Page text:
If you've determined why you want to refinance your home, see if the change is within your budget. For example, if you want to pay off your mortgage earlier, what do your new payments look like under a 15-year mortgage? You can also calculate what a new 30-year loan would look like with a reduced interest rate. Check out several refinance calculators at:
Keep in mind that refinancing a mortgage means a new round of closing costs – somewhere between 2% and 6% of the loan. Unless you find a loan that directs your closing costs to your loan (which still means you pay those costs) or you take out a loan with no closing costs, you'll need that cash if your application is approved.
4. Browse lenders
After you have a good idea of what you want to pay, you can find out which lenders offer the best deal. Pay attention to interest rates and fees, but also consider the entire process, including:
- Easy Apply: Does the lender offer an online application or do you need to sign up with a local branch?
- Processing time: Do you know how long it takes to take out your new loan?
- Requirements: If your credit score is not in the best form, are you still eligible for refinancing, and if so is it the best rate you can get?
There are plenty of places to shop around for lenders and rates online, but keep in mind that rates generated through online tools don't always take into account your specific situation and may change when the loan is actually being pursued.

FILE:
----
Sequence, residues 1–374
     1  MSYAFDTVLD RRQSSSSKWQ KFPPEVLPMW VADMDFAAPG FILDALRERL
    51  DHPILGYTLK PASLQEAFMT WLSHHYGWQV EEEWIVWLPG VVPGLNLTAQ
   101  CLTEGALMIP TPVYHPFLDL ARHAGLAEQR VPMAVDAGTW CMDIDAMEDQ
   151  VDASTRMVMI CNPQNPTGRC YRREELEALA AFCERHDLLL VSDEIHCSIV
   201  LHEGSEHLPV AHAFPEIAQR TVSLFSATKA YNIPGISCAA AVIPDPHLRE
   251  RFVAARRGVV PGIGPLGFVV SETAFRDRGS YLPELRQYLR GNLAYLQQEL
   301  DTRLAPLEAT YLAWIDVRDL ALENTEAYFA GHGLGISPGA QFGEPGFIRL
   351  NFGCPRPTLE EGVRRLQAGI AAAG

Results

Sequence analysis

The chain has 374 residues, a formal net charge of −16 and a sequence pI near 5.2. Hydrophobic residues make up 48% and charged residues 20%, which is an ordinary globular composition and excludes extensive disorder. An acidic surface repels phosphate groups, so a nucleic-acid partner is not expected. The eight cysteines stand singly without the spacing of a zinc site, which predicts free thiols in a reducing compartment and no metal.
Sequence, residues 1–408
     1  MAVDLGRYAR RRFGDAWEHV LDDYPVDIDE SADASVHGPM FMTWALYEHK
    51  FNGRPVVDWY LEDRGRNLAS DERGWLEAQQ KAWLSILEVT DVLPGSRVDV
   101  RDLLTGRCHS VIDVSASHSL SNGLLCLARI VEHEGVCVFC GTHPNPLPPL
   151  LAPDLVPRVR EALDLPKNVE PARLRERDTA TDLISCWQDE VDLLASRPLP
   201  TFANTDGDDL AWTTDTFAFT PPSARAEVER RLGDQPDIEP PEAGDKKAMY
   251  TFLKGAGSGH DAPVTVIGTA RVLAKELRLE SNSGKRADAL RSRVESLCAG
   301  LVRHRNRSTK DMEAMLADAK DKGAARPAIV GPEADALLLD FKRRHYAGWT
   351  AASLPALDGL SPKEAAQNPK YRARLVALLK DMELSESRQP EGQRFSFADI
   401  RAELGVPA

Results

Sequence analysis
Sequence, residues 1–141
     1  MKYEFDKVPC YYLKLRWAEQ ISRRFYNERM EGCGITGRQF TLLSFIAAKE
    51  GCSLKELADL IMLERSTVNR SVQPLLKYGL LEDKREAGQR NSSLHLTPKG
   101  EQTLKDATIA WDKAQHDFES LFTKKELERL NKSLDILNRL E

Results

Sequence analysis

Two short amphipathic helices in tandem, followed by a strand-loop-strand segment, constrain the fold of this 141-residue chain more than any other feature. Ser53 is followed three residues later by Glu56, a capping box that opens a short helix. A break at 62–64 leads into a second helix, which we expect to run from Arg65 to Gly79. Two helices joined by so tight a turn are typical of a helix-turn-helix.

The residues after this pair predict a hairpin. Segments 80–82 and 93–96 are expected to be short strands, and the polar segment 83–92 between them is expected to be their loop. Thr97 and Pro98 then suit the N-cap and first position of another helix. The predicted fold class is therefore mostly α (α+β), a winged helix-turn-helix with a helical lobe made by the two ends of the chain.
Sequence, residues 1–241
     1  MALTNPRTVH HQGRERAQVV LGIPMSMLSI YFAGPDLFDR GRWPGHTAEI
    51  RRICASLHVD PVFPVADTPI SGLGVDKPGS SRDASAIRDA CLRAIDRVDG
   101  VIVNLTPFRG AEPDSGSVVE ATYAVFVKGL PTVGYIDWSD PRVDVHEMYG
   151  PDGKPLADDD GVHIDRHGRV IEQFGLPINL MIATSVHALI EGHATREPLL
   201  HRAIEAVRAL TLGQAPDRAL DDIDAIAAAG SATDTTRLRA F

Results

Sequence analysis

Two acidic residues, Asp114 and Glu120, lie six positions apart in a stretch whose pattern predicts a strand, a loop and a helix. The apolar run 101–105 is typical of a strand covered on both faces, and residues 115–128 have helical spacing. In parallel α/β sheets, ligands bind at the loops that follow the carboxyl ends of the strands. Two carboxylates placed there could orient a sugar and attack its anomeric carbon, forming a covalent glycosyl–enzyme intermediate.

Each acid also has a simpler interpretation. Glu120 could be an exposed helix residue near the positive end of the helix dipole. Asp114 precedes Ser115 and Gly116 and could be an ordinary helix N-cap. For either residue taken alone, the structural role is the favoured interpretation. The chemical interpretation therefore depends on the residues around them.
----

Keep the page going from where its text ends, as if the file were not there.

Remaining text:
You can also try your bank or credit union. Your local institution likely offers home loans and refinancing and has the tools to calculate what you would pay if you refinanced your mortgage. Another option is to try a private mortgage broker.
5. Apply and close
Once you have found some of the best lenders, you can submit your applications. Try to complete your applications within a few weeks of each other. Since each application activates a hard credit check, multiple applications will tell the credit bureaus that you are shopping or shopping for the best rate. Instead of multiple hard credit questions, only one will show up on your credit score. This means that you will not be hit with a lot of hard credit checks, which would drop your score.
Once you have chosen the best lender, you can lock your interest rate. Since interest rates often fluctuate, yours may rise at any time before closing. Once you pin your rate, it won't change even if the market causes it to rise. Rate locks typically last 30 to 60 days (sometimes longer, depending on your lender), which is usually the time it takes to take out a new loan. Some lenders even guarantee that if interest rates drop before closing, you will get the lowest possible interest rate. Then it is time to finish.
There are plenty of different reasons to refinance your home, so make sure you choose the best lender, interest rate and repayment terms that best suit your finances. If interest rates are too high, there are too many fees, or if you can't find a lender to work with, you can postpone the refinance for the time being.